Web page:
After an asterisked break, Smith’s testimony continues:
Again, he told me, that when I got those plates of which he had spoken—for the time that they should be obtained was not yet fulfilled—I should not show them to any person; neither the breastplate with the Urim and Thummim; only to those to whom I should be commanded to show them; if I did I should be destroyed. While he was conversing with me about the plates, the vision was opened to my mind that I could see the place where the plates were deposited, and that so clearly and distinctly that I knew the place again when I visited it.
I must be missing something. We just read the Testimony of the Three, followed by the Testimony of the Eight — both reported seeing the plates. yet here we have Moroni saying, “Don’t show them to anyone.” Of course, I haven’t finished Smith’s testimony, so perhaps Moroni changes his mind.
That in itself would be problematic. Is Moroni speaking for himself, or for God? Certainly for God. No angel would presume to make a decision that would alter the course of human history — at least to some degree — without first consulting the Boss. Would he?
Either way, we have a problem.
If he’s speaking for God, then this is a discrepancy with one of Christianity’s most basic tenants about God: he changes not. In this scenario, God says, “Moroni, go tell Smith not to show anyone those plates” and then later, “Oh, on second though, he might get a lot of flack about the plates. Better let him show people”?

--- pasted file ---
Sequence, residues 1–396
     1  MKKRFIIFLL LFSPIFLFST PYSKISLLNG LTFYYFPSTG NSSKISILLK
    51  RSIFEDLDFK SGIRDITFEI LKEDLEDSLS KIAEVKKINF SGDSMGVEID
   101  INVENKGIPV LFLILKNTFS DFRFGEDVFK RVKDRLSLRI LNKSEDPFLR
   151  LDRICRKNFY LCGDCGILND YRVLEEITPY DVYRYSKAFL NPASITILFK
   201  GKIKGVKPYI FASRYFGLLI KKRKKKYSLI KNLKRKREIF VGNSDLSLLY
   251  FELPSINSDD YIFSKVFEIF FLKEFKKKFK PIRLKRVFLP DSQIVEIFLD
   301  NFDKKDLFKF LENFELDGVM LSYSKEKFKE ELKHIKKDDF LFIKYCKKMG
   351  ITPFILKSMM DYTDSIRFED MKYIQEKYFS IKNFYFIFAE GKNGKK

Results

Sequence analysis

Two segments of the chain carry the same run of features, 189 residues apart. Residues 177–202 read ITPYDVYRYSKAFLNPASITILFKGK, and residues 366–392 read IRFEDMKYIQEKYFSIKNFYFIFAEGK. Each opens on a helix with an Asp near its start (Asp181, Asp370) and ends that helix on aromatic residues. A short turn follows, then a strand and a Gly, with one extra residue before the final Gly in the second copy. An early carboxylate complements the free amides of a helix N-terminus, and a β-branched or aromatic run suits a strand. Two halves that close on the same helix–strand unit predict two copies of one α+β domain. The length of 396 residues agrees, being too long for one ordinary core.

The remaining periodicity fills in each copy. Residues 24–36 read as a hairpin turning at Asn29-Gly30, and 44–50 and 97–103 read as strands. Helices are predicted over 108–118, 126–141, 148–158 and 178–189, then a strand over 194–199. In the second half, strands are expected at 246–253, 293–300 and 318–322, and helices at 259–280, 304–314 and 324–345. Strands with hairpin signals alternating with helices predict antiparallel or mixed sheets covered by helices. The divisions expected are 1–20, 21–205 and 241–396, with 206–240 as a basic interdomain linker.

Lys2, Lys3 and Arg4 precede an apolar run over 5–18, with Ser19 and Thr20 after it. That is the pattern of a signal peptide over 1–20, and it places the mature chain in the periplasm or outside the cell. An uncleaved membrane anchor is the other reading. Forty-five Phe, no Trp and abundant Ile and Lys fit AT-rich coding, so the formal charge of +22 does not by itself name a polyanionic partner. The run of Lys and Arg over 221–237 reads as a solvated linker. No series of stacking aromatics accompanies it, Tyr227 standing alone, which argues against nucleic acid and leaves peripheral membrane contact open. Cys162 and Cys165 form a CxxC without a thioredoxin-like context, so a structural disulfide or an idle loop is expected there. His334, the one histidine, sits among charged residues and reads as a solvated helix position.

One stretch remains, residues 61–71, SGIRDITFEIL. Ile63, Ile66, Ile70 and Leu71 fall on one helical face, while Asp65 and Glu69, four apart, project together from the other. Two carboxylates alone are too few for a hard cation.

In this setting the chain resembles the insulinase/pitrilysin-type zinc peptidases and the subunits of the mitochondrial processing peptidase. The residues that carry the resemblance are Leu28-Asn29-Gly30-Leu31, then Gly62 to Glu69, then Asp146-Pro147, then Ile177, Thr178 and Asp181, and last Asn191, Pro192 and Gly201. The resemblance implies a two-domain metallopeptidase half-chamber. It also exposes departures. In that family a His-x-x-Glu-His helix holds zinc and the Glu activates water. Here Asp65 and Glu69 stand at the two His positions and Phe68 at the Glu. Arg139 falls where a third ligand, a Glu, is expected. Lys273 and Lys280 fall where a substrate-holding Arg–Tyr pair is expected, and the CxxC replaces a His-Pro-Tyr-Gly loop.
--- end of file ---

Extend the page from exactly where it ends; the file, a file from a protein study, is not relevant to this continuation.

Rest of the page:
The other option is equally unappealing: Moroni is acting on his own accord. Wasn’t that what Lucifer was doing?
There are two more options, though: Smith could have just disregard it all. Or — and this is the most damning of all — Smith could have invented the Book of Mormon and simply noticed the discrepancy.
Continuing, Smith testifies:
After this communication, I saw the light in the room begin to gather immediately around the person of him who had been speaking to me, and it continued to do so, until the room was again left dark, except just around him, when instantly I saw, as it were, a conduit open right up into heaven, and he ascended until he entirely disappeared, and the room was left as it had been before this heavenly light had made its appearance.
I lay musing on the singularity of the scene, and marveling greatly at what had been told to me by this extraordinary messenger; when, in the midst of my meditation, I suddenly discovered that my room was again beginning to get lighted, and in an instant, as it were, the same heavenly messenger was again by my bedside.
Well, maybe Moroni has changed his mind. He certainly seems fairly indecisive here. It brings to mind the Clash classic.
“Should I stay or should I go?”
He commenced, and again related the very same things which he had done at his first visit, without the least variation; which having done, he informed me of great judgments which were coming upon the earth, with great desolations by famine, sword, and pestilence; and that these grievous judgments would come on the earth in this generation. Having related these things, he again ascended as he had done before.